Stripping Mantel

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Forum topic by baby86bear posted 08-09-2012 04:05 PM 1410 views 0 times favorited 4 replies Add to Favorites Watch
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15 posts in 2535 days

08-09-2012 04:05 PM

Topic tags/keywords: stripping

I was given a old mantel from a antebellum home. It has over 10 layers of paint on it and I want to bring it back to original. If anyone knows how to make this happen and or the easy way.

4 replies so far

View HerbC's profile


1790 posts in 3060 days

#1 posted 08-09-2012 04:09 PM

Find somebody who can do dry ice “sandblasting”. It’s very gentle, little damage to the actual wood, much less mess to cleanup.

Be aware that anything that old that’s been painted a few time probably has lead based paint. You must be careful handling and disposing it, both due to actual health concerns and also due to legal concerns regarding environmental regulations.

Good Luck!

Be Careful!


-- Herb, Florida - Here's why I close most messages with "Be Careful!"

View Tennessee's profile


2893 posts in 2715 days

#2 posted 08-09-2012 07:12 PM

Having refinished professionally for 12 years, (long time ago), I’d be looking for someone with a dip tank. The only drawback with dip tank people is they have a tendency to water wash after they lift it out, since the water stays on top of the chemicals and keeps them from evaporating. Have to get the wood dry quick after.

I’m not too keen on any kind of sandblasting, it might eat away if the wood underneath is softwood, or in the least bit punky. Have to remember, if any of the wood is softer than any layer of paint, the wood goes with the blaster.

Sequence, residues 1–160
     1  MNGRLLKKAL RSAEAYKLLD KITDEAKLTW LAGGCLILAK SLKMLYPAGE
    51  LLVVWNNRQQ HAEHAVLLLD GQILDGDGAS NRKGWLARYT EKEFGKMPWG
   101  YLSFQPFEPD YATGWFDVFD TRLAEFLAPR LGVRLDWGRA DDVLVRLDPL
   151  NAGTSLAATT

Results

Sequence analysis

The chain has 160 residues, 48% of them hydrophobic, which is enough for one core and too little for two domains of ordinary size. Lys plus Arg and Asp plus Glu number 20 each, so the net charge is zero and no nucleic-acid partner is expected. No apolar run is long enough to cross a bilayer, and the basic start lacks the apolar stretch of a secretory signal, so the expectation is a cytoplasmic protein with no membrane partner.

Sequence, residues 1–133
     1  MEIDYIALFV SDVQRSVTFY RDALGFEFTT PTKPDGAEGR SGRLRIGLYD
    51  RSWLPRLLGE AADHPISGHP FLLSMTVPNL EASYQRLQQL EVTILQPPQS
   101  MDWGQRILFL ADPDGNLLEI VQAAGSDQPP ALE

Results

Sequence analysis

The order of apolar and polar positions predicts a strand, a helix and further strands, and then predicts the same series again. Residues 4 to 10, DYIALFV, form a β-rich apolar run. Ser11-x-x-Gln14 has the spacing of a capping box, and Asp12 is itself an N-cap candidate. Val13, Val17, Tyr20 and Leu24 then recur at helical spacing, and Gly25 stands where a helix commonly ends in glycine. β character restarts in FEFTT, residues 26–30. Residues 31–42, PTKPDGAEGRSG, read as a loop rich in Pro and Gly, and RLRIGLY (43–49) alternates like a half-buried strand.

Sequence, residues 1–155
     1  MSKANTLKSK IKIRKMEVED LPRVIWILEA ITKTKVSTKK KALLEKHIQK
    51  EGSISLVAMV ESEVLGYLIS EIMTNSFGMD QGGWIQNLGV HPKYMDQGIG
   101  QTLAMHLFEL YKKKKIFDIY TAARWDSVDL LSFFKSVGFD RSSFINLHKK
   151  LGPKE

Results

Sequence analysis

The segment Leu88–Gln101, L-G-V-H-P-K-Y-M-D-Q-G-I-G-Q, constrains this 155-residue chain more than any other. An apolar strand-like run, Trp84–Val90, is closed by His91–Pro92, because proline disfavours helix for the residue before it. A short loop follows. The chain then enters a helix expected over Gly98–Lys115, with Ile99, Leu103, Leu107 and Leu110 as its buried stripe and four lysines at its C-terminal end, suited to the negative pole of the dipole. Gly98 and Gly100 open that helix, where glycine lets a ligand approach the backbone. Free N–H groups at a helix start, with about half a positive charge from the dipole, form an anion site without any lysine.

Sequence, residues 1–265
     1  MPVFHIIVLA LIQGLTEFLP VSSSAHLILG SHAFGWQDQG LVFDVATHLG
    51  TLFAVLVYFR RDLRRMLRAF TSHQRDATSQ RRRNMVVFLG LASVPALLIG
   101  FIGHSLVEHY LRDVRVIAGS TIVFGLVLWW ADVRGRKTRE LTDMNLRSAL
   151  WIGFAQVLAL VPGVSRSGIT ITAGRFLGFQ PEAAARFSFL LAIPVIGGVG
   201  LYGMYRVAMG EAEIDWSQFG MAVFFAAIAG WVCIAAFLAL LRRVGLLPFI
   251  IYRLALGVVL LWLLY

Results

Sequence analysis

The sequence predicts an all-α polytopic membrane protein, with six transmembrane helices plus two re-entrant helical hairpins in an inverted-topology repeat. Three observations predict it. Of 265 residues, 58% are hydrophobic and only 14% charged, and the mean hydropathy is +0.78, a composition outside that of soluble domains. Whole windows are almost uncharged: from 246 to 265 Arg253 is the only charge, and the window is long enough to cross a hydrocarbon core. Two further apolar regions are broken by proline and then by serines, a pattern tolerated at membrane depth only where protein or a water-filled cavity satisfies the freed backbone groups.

You can try heat, but you will probably find at least a few coats of lead based paint in there, which means you must be masked up for airborne lead contaminants, and if you hit milkpaint you will not move it.

Next, if you want to try, something strong like a methaline chloride stripper will take a few coats at a time, and you can simply brush it on, scrap it off, and let it dry for proper disposal. Just read the ingrediants on the back of the can.

My last and least preferred method would be sanding it off.

-- Tsunami Guitars and Custom Woodworking, Cleveland, TN

View Clint Searl's profile

Clint Searl

1533 posts in 2562 days

#3 posted 08-09-2012 11:36 PM

Either MEC or citrus based stripper. Several iterations.

-- Clint Searl....Ya can no more do what ya don't know how than ya can git back from where ya ain't been

View wncguy's profile


412 posts in 2513 days

#4 posted 08-10-2012 12:04 AM

Check & see if you have any architectural salvage businesses in your area, we owned one in NC & used a great guy who had a dip tank to do our items. Worked wonders on many layers of paint. Not so good for oak & some woods though. Believe it was caustic soda & then neutralized & washed.

-- Any man can be a father, but it takes someone special to be a Dad

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